I'm using BASH on the command line, logged into another user's PC as root, via SSH.

I wish to send the user currently logged in running an X-session, a popup message, but this is the result:

root@i5:~$ xmessage now                           
Invalid MIT-MAGIC-COOKIE-1 keyInvalid MIT-MAGIC-COOKIE-1 keyError: Can't open display: :0  

The expected result was a popup message on remote machine, saying "now".

I can replicate this on my local machine by starting a local x-session, then in a terminal if I type xmessage now it works, but if in the terminal I su- so I'm root and I try again, I get the same error as above.

I'm also wishing to use this in a script which needs to be run as root by cron, on my local machine and the script in certain instances, will alert me and request that I choose one of two buttons giving feedback to the script.

migrated from stackoverflow.com May 21 '13 at 11:15

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  • Try "echo $DISPLAY" first (or a regular "who") to see what display to output to, then use xmessage with the -display parameter. – Andy Thompson May 21 '13 at 8:46
  • Thanks Andy. I've rechecked the man page for xmessage and can't seem to find any mention of the -display parameter or it's syntax. – Peter Snow May 21 '13 at 9:36
  • Check that $DISPLAY is set (believe it needs to be) and use either "echo $DISPLAY" or "who" to see display number then run xmessage with -display :0.0 (or similar) and if that fails, check up on display access with xhost/xauth. – Andy Thompson May 21 '13 at 10:14

Opening a popup window on another user's desktop session is a security issue, therefore it is not allowed. Otherwise it could easily be abused for phishing or other malicious tasks. Without special permissions (like superuser access) there is no way to accomplish what you want.

Even with root access on the machine it still is questionable whether you should open a popup window. You have no idea in what situation your popup will appear, or even whether it will appear. Normally, the window manager is in task to handle newly appearing windows. It can place it somewhere on an inactive viewport or similar, so it would not even become visible, albeit open.

There is, however, a standard way of contacting the user on the machine. That is wall. This tool still requires root permissions (to prevent spamming) but it then writes to all open TTYs, effectively notifying the user running an X session. You might want to consider using this instead of a popup window.

  • Good security point. +1 – user111228 May 21 '13 at 9:15
  • Unfortunately I simplified my command to relate only to the problem in hand but in reality, I'm planning to script this and need user feedback via the buttons. Wall does not appear to give away to obtain the user's feedback. – Peter Snow May 21 '13 at 9:18
  • I've updated my post to clarify my usage further. – Peter Snow May 21 '13 at 9:31
  • Hmm, that's tricky because you cannot really know what the user's Desktop will do with your approaching window. Is it possible to have a daemon running on the user's X session which you can contact to display something? That would be a cleaner approach than simply throwing a window on his screen. Such a daemon can be written in a way so that it also would work on text consoles etc. Also, using wall you can ask the user to run a specific command to give you the feedback you would like to get from him. – Alfe May 21 '13 at 9:56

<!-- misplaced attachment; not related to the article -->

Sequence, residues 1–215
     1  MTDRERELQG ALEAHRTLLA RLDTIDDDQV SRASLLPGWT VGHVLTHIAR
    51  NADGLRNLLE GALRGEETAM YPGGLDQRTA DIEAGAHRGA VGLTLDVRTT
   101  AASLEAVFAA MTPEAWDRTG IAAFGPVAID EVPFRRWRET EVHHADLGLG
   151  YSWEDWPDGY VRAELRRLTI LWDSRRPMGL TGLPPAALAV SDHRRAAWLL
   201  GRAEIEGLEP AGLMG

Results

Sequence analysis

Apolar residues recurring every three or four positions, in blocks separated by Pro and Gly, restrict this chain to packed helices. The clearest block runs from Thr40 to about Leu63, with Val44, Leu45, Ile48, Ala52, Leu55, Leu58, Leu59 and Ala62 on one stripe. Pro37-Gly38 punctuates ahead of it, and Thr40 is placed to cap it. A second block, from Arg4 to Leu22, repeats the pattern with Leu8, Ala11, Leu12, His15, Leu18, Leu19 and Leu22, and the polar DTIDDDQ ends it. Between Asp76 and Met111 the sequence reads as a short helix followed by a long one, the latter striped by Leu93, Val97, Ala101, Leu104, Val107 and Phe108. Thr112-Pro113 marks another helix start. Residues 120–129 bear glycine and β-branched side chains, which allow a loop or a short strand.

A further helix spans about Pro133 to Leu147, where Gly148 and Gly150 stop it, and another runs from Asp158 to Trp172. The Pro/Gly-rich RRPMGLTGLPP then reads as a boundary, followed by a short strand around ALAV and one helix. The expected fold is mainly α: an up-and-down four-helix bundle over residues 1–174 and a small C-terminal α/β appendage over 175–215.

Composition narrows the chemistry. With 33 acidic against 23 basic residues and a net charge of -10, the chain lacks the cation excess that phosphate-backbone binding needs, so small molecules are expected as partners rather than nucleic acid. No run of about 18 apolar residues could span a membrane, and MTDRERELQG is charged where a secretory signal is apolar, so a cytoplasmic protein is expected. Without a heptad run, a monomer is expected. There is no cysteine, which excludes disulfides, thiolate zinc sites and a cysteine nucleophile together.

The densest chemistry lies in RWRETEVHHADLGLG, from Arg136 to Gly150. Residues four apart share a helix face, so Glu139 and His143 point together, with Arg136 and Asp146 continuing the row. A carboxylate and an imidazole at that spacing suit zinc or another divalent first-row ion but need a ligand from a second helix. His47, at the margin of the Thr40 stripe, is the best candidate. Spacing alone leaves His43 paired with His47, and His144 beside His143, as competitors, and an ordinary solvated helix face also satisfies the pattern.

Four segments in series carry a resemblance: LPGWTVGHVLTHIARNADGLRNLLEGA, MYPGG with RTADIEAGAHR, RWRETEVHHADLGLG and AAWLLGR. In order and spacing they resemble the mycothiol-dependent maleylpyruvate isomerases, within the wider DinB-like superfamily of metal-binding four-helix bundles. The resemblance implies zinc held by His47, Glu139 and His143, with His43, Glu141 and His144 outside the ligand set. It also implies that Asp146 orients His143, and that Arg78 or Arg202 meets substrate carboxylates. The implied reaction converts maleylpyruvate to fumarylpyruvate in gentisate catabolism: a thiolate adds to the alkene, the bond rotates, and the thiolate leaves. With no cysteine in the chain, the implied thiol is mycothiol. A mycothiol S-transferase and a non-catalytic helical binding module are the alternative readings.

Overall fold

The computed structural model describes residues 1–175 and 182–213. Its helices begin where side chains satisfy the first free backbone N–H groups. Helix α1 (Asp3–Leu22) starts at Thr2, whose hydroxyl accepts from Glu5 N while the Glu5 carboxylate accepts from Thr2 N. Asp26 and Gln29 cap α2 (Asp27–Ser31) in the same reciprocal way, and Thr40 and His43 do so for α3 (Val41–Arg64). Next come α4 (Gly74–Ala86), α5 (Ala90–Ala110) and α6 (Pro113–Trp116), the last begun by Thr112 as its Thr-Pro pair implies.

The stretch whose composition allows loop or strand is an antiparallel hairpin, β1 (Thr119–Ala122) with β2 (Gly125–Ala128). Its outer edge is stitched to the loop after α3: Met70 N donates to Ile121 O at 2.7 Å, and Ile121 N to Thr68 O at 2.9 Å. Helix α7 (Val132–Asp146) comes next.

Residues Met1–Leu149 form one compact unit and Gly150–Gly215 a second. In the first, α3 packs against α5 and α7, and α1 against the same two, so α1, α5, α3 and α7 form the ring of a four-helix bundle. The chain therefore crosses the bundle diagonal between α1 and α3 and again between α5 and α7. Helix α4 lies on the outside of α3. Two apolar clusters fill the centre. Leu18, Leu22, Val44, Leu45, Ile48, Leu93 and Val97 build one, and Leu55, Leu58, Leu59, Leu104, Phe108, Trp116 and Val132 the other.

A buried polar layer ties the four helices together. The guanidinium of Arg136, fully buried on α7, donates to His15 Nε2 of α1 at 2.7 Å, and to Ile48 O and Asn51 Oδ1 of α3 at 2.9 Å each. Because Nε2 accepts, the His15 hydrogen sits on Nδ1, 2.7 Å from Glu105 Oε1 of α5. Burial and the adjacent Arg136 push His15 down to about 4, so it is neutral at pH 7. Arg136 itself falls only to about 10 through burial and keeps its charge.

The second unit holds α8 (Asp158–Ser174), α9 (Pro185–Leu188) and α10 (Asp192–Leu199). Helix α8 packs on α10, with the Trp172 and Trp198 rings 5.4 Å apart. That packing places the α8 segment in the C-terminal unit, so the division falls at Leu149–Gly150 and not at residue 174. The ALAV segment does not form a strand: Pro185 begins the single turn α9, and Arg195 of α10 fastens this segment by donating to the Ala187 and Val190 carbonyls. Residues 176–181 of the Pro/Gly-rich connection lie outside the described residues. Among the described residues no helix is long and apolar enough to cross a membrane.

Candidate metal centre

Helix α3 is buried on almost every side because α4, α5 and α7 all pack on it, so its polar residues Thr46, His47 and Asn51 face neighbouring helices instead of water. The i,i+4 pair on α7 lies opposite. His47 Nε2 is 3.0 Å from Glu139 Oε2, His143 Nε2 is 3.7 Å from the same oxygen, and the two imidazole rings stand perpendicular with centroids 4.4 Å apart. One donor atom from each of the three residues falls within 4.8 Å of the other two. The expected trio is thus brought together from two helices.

The environment variable $XAUTHORITY holds the path to the file used to hold X11 authorisation cookies. This defaults to ~/.Xauthority if not set.

So, as root, you may find that the following is sufficient to enable you to open windows on a desktop user's display:

export DISPLAY=:0
export XAUTHORITY=~otheruser/.Xauthority
xmessage "Hello, otheruser."

Now, this won't work if the user is not storing their cookies in the default file (this happens on, e.g., recent versions of Fedora). In this case, you can find out what values to set $DISPLAY and $XAUTHORITY to with:

cat /proc/$(echo $(ps -C gnome-shell -o pid=))/environ | xargs --null --max-args=1 | egrep '^(DISPLAY|XAUTHORITY)='

(replacing gnome-shell with the name of the user's window manager, or some other process that you are sure that they will be running).


With the help of this page, I now have the solution which is as follows.

$ su
$ xauth list
peter-aspire-ubuntu/unix:0  MIT-MAGIC-COOKIE-1  1978485c4f8d864503a4e645c77fd802
peter-aspire-ubuntu:0  MIT-MAGIC-COOKIE-1  1978485c4f8d864503a4e645c77fd802
$ DISPLAY=peter-aspire-ubuntu:0
$ export DISPLAY
$ cp /home/peter/.Xauthority /root/.Xauthority
cp: overwrite `/root/.Xauthority'? y
$ xmessage now

The result is as intended and suits all scenarios described in my question.

Thanks to everyone who participated.


One way to do this is to allow for your computer to connect to the remote computer's X server using the xhost tool and X forwarding over SHH. On the remote computer you need to allow for your computer to talk to it. This requires that X11Forwarding is enabled in the SSH daemon running on the remote.

On the remote computer:

xhost <local_ip>

On the local computer:

export DISPLAY=<remote_ip>:<display>
ssh -Y <username>@<remote_ip> <x_application>

For example if your remote is on your local network:

export DISPLAY=
ssh -Y root@ xmessage now &
ssh -Y root@ xeyes &
  • Thanks htor, but I'd like to avoid going to the lengths of X11Forwarding if at all possible, especially for the local application I added in my update above. I'll bear this in mind though for a last resort! – Peter Snow May 21 '13 at 9:38
  • @PeterSnow Also bear in mind that the X forwarding isn't strictly necessary, it only adds to security of the connection. You should be able to do it with only xhost and exporting DISPLAY to the remote. – user111228 May 21 '13 at 9:53

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